The Music of Dreams
Updated: Aug 18, 2019
The music was the best part. The music as they danced together down the deserted London street, cobblestones underfoot and a gentle rain falling overhead. Martha looked so beautiful, swinging seductively around old-fashioned light posts and smiling back at Genevieve with sultry eyes. Gen watched her progress along the street, thinking of how they’d just spent the most glorious afternoon in Hyde Park, feeding squirrels and watching the cyclists go by. It had been a lovely change from the tension that had been between them for the last week or so. The world still had not completely accepted the gay community, and sometimes they saw the meaner side of the ‘Against’ team.
That all seemed to be behind them now though, as they danced in the rain and laughingly jumped in puddles together. Martha pulled Gen in and kissed her lightly on the mouth. Gen smiled against her lips and closed her eyes. Then Martha was gone, dancing along the street again, and the music was playing, and it was so beautiful Gen felt tears come to her eyes. As she watched, Martha began to twirl between light posts again, and... And was Martha fading? No, of course not. It was impossible. Gen squeezed her eyes shut and opened them again, fully expecting to see Martha solid and smiling in front of her. But now not only was Martha fading, the cobblestones and light posts seemed to be fading with her. And the music… The music was fading as well, getting quieter with every step Martha took. Gen tried to call out after her, but the sound froze in her throat and she could do nothing but watch and listen as everything around her faded to white.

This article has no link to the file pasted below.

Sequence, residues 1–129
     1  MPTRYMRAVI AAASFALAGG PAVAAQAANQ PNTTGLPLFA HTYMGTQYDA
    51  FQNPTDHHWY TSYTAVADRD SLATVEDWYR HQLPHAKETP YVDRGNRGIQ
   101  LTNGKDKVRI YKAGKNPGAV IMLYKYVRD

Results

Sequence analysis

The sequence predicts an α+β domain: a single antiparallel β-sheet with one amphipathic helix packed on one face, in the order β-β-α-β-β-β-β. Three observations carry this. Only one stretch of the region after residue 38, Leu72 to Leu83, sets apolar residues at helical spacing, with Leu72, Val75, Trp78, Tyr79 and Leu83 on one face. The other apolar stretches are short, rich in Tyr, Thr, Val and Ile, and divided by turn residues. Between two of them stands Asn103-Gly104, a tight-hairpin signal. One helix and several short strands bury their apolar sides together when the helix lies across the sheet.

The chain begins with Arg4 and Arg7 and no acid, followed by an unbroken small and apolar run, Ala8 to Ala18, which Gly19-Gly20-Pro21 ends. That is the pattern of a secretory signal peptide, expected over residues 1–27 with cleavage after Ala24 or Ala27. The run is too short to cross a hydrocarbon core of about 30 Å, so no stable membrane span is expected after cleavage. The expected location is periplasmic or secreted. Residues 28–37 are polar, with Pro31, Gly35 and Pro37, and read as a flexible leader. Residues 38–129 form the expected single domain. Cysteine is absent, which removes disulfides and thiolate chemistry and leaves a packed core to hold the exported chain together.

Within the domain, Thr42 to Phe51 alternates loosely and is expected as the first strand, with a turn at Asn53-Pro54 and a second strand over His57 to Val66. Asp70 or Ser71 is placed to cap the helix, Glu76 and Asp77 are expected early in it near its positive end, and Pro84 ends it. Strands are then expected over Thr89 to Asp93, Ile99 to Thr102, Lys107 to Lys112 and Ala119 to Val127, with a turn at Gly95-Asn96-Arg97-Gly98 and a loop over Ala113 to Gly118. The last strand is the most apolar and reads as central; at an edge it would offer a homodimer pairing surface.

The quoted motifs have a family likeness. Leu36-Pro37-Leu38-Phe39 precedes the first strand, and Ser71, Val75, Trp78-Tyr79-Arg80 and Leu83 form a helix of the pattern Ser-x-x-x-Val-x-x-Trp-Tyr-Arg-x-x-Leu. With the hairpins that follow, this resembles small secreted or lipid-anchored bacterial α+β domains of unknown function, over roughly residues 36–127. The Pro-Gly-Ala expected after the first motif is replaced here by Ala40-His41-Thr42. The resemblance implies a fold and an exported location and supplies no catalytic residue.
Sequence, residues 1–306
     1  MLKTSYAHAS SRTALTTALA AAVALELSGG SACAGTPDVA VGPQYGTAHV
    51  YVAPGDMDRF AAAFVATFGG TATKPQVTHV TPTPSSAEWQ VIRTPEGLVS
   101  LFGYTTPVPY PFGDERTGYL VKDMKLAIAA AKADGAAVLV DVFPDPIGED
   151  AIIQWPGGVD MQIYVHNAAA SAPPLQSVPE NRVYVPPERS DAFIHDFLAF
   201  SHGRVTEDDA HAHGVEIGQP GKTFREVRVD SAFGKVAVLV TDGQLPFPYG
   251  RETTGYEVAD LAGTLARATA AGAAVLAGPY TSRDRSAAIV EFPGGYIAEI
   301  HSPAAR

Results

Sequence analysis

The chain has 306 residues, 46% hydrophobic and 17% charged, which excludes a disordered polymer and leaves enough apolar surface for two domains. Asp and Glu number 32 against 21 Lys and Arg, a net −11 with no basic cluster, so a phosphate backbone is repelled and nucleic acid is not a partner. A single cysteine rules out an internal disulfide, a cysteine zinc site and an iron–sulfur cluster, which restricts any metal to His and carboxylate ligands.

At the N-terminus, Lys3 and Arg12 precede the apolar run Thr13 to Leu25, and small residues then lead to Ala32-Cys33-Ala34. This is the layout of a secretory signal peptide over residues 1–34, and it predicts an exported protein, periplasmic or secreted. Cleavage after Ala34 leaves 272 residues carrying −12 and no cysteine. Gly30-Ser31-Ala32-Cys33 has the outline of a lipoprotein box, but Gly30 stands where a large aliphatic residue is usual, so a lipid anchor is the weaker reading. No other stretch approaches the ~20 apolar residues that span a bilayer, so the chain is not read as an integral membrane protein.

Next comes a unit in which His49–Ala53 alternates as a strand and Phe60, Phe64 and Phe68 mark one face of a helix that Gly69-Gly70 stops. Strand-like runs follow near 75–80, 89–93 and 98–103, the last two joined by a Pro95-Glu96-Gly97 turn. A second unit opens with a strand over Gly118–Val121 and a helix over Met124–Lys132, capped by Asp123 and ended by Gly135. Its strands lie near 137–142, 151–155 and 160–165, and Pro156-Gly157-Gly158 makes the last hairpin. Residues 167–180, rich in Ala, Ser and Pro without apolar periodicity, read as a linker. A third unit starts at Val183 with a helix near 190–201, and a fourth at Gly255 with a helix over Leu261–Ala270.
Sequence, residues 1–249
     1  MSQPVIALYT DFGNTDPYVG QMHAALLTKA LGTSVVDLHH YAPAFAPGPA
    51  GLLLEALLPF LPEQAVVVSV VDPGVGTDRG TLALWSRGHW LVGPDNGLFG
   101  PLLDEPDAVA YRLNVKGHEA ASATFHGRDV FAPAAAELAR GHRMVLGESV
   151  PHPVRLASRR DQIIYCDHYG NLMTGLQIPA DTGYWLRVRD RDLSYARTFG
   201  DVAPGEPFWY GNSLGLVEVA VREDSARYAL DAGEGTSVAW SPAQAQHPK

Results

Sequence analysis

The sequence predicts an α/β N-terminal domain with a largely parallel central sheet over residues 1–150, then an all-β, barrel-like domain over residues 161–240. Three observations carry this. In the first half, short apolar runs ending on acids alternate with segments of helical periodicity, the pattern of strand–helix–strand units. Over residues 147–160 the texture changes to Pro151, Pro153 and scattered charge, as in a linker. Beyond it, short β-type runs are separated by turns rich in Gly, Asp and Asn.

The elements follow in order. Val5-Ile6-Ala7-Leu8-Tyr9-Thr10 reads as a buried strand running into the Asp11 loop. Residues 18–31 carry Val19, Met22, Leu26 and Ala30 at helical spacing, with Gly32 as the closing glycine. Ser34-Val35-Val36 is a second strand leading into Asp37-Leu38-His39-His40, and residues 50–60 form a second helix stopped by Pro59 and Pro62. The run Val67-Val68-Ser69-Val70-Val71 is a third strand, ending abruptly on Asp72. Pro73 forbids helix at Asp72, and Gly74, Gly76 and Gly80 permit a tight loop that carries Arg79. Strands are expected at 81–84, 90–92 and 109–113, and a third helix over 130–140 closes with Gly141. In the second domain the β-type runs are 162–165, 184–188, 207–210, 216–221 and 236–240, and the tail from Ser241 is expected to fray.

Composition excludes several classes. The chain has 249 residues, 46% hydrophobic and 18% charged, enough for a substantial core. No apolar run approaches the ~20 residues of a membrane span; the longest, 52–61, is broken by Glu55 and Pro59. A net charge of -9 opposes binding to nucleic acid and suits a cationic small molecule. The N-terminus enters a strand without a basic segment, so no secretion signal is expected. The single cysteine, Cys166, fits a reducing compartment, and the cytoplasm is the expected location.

White walls, white floors, white bed covers. Genevieve blinked and looked around her. She was lying in a hospital grade bed, covered in a white blanket. The room around her was small, matchbox sized, and the only feature was a door set into the wall opposite. It was a thick, metal security door, with a small window at about head height. Gen thought it looked like the kind of window that wouldn’t smash no matter what you tried to throw through it.
Gen went to sit up, then realised she was restrained under the covers. She could feel bindings around her ankles and wrists. She struggled against them for a moment, fear growing in her mind. The fear doubled when she heard the click of the door opening. Where was she? Who was coming? The urge to scream was low in her throat as the door swung in to the room and three men entered.
“Genevieve, I’m Dr Cushling. Do you know where you are?” The man in the white coat addressed her in a gentle, calming voice.